First, a confession: I am Agent Carter’s ideal audience. One, I like women who kick ass. Two, my grandmother was an English lass who endured World War II, met a nice soldier from Texas, married him and moved to the US, so I dig English ladies who kick ass. Three, I’m a lifelong fan of Captain America and the whole universe of super-powered espionage that surrounds him, including the formidable Agent Carter. Four, Hayley Atwell, because I would watch Hayley Atwell do pretty much anything.
So, yes, I was on board with this show before it came out, but I was a little nervous because you never know how these things will pan out. I’m happy to report, though, that the show (slated for eight episodes) is a hell of a lot of fun.
The first episode, “Now Is Not The End”, kicks off with the ending of Captain America: The First Avenger, as the good Captain Rogers flies a plane loaded with explosives into the freezing ocean. On the other end of his radio communication is his fellow solider, Agent Peggy Carter. They’ve been in love practically since they met, back when he was still a skinny, sickly recruit with nothing going for him except innate decency and gumption, yet they’ve never gotten together. In keeping with the reserved nature of their relationship, they don’t declare undying love for each other as Steve is about to (apparently) die. They make plans for a date. She promises to teach him to dance. Then he crashes and is gone from her life.
Since Agent Carter starts this way, a word about the movie is necessary. One of the things that makes the Captain America series the most compelling in the whole Marvel movie universe is its undercurrent of melancholy. The First Avenger has a coda in which Steve Rogers wakes up in the present day, resurrected, it would seem, from the dead. He’s asked if he’s going to be okay, and he answers, in the movie’s final line, “Yeah…it’s just…I had a date.” That final moment—the sense of a life interrupted—is the key to his character over the rest of the films.
Agent Carter picks up that same tone and runs with it. Peggy finds herself at loose ends after the war, a little lost without Steve and their shared mission to defeat Hydra and the Nazis. It’s 1946 and she’s working for the Strategic Scientific Reserve, the forerunner to S.H.I.E.L.D. Although she was more or less running the Allies’ war effort in The First Avenger, after the war she’s been shunted aside in favor of a boys club. These early scenes evoke postwar gender dynamics, as women were expected to surrender their jobs to returning soldiers. We associate the Baby Boom with these years, but it’s always important to remember that it was a time of incredible stress and upheaval. The entire world had been traumatized, the economy tanked as all the munitions jobs disappeared, and the women who had been the backbone of the homeland war effort were told to go home and have babies. (There is a reason that film noir flourished in the mid-40s.)
It will have to be admitted that Agent Carter is a little hamfisted in dealing with these issues. Peggy’s coworkers are a bunch of louts who seem like extras from the first season of Mad Men, and it’s a little odd that no one around her seems to be aware at all that she helped save the world. The show does explain away this last problem, though, by telling us that Peggy’s participation in the war has been historically relegated to the status of “Captain America’s girlfriend,” a theme that will pop up again in the second episode. Despite the heavy-handed way the show goes about it, what Agent Carter is doing here is interesting—giving us a metaphor for the way women’s lives are interpreted (and reinterpreted) in the culture.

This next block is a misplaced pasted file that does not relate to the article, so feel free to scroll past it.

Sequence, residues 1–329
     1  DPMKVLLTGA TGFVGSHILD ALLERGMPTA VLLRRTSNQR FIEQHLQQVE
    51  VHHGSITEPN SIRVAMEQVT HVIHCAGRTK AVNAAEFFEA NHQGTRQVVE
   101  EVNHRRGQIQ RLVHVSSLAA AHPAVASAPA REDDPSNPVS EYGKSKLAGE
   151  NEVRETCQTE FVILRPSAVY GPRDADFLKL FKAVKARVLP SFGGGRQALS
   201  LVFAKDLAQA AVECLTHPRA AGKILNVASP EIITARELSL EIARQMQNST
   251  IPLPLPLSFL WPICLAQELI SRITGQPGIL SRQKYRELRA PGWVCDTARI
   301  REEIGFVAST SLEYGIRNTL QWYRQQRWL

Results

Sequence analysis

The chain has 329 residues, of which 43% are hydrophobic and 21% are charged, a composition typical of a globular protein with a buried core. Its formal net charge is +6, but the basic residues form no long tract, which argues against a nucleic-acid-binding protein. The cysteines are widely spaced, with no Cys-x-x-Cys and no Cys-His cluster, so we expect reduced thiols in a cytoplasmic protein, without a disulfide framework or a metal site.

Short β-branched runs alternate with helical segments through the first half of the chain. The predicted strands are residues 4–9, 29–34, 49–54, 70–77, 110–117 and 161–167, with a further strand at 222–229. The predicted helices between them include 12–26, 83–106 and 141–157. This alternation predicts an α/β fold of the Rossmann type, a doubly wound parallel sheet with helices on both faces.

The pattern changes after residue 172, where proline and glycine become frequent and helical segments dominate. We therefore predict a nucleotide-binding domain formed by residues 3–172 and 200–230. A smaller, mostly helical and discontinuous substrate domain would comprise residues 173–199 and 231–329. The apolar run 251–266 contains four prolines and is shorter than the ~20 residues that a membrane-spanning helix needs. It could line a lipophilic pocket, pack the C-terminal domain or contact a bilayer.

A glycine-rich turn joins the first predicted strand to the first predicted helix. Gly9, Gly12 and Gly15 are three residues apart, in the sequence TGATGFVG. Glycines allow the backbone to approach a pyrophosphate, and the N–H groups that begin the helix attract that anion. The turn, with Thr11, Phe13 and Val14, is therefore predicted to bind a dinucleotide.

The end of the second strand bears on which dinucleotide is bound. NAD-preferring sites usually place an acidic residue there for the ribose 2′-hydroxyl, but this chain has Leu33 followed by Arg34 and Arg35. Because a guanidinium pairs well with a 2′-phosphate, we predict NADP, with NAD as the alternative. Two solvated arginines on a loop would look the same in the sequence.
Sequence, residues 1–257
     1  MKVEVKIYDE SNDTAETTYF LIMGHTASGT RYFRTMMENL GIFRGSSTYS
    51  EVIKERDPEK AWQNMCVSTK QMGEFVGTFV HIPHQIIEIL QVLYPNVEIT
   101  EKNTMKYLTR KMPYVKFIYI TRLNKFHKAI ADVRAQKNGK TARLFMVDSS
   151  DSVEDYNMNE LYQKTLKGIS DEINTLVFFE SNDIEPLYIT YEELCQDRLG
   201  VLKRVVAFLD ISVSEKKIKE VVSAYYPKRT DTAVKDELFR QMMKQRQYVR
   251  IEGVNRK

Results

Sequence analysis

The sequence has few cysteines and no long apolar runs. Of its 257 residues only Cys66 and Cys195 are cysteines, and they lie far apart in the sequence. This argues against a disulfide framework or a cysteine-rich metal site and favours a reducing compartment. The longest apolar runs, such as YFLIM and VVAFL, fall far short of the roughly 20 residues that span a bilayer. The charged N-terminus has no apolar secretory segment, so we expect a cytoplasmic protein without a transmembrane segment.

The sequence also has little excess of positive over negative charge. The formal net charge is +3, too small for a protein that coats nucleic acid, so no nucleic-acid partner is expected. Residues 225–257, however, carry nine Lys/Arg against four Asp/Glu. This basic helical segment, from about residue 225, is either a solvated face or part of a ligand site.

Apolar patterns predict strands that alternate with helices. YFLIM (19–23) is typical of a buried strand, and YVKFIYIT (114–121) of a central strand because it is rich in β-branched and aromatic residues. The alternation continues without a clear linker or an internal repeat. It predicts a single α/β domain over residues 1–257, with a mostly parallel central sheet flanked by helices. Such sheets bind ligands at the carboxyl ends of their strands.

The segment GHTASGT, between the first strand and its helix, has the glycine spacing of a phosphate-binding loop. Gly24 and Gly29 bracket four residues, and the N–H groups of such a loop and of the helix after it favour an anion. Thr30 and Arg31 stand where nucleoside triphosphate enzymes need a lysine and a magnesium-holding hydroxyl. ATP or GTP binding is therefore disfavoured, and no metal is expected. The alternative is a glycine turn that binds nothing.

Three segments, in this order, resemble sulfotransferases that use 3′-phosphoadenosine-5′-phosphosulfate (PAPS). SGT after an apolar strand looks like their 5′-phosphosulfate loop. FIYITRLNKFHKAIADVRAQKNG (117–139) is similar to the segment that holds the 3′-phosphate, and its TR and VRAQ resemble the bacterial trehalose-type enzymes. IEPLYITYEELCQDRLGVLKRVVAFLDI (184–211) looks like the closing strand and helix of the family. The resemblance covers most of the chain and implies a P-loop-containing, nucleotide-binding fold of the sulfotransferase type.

The plot of the first episode finds Carter trying to clear the name of her former comrade in arms, military industrialist Howard Stark (Dominic Cooper). In a clear nod to the Red Scare and the HUAC hearings, Stark is under investigation by Congress. The boys on Capitol Hill just want his technology to develop weapons and since Stark won’t play ball they want to throw him in jail. Before he goes on the run, he pairs up Carter with his butler Edwin Jarvis (Edwin D’Arcy) and the two set out to run espionage under the noses of Peggy’s loutish bosses and coworkers, all of whom just want to catch Stark.
Peggy’s investigation leads her to a shady underworld figure named Spider Raymond (Andre Royo) who, in the grand noir tradition, runs a nightclub. Peggy sneaks into the place in a blonde wig and a husky American accent—this whole nightclub sequence reminded me of the 1947 Lizabeth Scott noir Dead Reckoning—kisses Raymond with some special lipstick that knocks him out and then steals a glowing ball that, as I followed it, is some kind of super-secret weapon developed by Stark. After a few underwhelming initial action scenes early in the episode, the show heats up when Peggy has to fight a mysterious assailant in her apartment. It’s a hell of a great fight, well choreographed and played in close quarters (reminding me a bit of the big fight in The Bourne Ultimatum). Peggy wins and the guy runs off.
All in all, a fun first episode. The show sets several plates spinning, gives Peggy some personal drama, and culminates in some top-shelf fisticuffs. I like where this thing is going.
Jake Hinkson is the author of several novels, including the newly-released The Big Ugly.
Read all of Jake Hinkson's posts for Criminal Element.